parislemon: Speaking Of Shoddy iOS Apps…
Believe me, I’m usually the last to defend Facebook or Google, and I completely agree that the Gmail app is a half-assed disappointment, but I think this is a pretty glib take on “web vs. native.” I’ve been a Cocoa developer for a long time now, and my sympathies are very much with Apple, but I am increasingly convinced that we’ll someday look back at these early days of the iOS as a kind of bubble for old-school native software development.
This is not to say that iOS won’t continue to be successful as a platform, or that developers will abandon the App Store en masse. I just think that the current situation—in which many companies whose engineering efforts have traditionally not extended far beyond basic web technologies are suddenly expected to maintain complex native development projects for multiple platforms—seems a tad untenable. I feel pretty confident in asserting this because, for whatever perceived benefits native apps offer, they also presents a lot of very significant challenges—many of which are likely to be quite surprising to anyone who is accustomed to web programming.
To me, one of the textbook examples of something the web is made for but is practically rocket science on iOS is text rendering. While users are accustomed to thinking of iOS apps as exceptionally beautiful and visually sophisticated, UIKit’s text rendering capabilities turn out to be frustratingly primitive, making it quite a challenge for even expert iOS developers to match the advanced page layout and text formatting capabilities of web browsers. This is less of a problem for a utilitarian service like Twitter, where content is uniform, unformatted, and basically free of inline media. But when you start attempting to replicate something like the Tumblr Dashboard or Facebook News Feed in native code, you’re faced with a formidable engineering challenge.
Many of the, shall we say, least experienced iOS shops (read: content companies) have solved this problem by essentially shipping 200 MB InDesign layouts masquerading as general purpose software. Other, more sophisticated companies have attempted to get around this problem, at great development cost, by building rich text rendering and CSS-like styling facilities into megalomaniacal frameworks like Facebook’s three20. The problem with that approach, in my experience, is that you don’t have to go very far down the path of text rendering before you’re basically reinventing HTML and CSS. Considering that, as I said, the web is designed for media, content, and rich text, I don’t think a decision to rely on a web view for something the web is exceptionally good at is a sign of laziness—in fact, it may be a sign of prudence. I suspect this realization, not mere half-assedness, is behind Facebook’s decision to back away from their fully native, three20 based approach and instead focus on building a hybrid mobile platform.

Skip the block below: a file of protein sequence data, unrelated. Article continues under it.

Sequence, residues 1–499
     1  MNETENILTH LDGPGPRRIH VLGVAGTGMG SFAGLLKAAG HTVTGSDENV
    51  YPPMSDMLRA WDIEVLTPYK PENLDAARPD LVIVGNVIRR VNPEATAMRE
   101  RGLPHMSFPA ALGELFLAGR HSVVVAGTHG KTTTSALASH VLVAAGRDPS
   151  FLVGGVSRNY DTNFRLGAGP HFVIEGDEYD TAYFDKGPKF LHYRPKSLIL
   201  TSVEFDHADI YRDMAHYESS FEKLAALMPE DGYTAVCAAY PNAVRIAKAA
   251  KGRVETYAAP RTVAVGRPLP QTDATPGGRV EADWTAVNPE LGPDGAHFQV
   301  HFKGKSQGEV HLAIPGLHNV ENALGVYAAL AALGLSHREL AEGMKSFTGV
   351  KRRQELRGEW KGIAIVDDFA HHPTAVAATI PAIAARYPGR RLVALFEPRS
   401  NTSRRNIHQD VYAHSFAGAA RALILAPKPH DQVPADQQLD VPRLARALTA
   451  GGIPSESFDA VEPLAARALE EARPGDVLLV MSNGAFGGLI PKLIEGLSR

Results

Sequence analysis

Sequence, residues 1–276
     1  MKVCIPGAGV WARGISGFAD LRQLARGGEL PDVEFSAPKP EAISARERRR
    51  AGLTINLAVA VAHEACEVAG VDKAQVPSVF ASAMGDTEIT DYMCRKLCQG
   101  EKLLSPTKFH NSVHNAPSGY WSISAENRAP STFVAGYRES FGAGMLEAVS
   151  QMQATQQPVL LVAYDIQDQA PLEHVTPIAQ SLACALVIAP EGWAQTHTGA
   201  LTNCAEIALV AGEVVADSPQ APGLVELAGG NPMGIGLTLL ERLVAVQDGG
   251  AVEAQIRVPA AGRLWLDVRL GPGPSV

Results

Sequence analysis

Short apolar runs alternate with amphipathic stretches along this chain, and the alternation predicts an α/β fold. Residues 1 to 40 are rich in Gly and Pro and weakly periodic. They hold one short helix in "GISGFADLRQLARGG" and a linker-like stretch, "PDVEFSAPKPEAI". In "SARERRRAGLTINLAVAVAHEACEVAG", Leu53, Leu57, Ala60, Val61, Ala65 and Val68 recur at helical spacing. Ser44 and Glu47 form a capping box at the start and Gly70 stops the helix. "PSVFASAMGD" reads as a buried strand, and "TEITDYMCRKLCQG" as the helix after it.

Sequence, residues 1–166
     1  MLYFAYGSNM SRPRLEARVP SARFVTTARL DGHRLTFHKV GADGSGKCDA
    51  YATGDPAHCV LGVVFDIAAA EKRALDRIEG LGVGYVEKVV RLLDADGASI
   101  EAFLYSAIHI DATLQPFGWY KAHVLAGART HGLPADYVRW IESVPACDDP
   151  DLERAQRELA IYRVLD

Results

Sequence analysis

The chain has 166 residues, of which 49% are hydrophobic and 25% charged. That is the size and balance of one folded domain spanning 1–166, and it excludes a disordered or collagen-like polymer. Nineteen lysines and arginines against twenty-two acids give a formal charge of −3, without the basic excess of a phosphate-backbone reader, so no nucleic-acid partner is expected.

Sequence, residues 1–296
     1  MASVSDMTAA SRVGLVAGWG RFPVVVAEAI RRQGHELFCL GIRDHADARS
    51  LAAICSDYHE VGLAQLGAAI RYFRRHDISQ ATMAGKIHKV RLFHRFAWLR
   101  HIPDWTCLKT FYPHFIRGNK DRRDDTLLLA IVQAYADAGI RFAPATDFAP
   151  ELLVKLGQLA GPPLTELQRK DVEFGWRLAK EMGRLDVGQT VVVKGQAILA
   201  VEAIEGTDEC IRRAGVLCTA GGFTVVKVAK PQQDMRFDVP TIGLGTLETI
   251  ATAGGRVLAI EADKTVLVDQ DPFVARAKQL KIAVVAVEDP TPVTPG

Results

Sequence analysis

None of this is to say that I think native apps are bad or that I’m trying to discourage companies from investing in them—far from it. Developing iOS apps is what I love, and I hope to continue doing it for some time. I just think that most companies could use a bit more nuance in their mobile strategy than the current “native is king” thinking usually implies. I’d personally prefer to see more companies develop a great baseline mobile web (or hybrid) product rather than feeling obligated to slavishly (and often poorly) recreate their entire product in native code.